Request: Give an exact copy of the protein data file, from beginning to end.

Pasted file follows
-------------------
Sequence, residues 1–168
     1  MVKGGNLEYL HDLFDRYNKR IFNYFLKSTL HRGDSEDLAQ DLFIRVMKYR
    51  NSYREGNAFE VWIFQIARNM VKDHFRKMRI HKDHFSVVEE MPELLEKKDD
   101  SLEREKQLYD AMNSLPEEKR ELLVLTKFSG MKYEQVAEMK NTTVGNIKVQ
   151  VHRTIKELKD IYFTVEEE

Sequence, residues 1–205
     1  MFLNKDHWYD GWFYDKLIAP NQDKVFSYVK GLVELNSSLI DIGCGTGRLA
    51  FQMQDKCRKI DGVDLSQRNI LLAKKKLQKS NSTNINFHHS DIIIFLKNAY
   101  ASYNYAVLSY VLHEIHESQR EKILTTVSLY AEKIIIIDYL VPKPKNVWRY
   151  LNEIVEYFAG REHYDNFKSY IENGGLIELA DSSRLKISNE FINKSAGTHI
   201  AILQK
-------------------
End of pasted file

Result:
Sequence, residues 1–168
     1  MVKGGNLEYL HDLFDRYNKR IFNYFLKSTL HRGDSEDLAQ DLFIRVMKYR
    51  NSYREGNAFE VWIFQIARNM VKDHFRKMRI HKDHFSVVEE MPELLEKKDD
   101  SLEREKQLYD AMNSLPEEKR ELLVLTKFSG MKYEQVAEMK NTTVGNIKVQ
   151  VHRTIKELKD IYFTVEEE

Sequence, residues 1–205
     1  MFLNKDHWYD GWFYDKLIAP NQDKVFSYVK GLVELNSSLI DIGCGTGRLA
    51  FQMQDKCRKI DGVDLSQRNI LLAKKKLQKS NSTNINFHHS DIIIFLKNAY
   101  ASYNYAVLSY VLHEIHESQR EKILTTVSLY AEKIIIIDYL VPKPKNVWRY
   151  LNEIVEYFAG REHYDNFKSY IENGGLIELA DSSRLKISNE FINKSAGTHI
   201  AILQK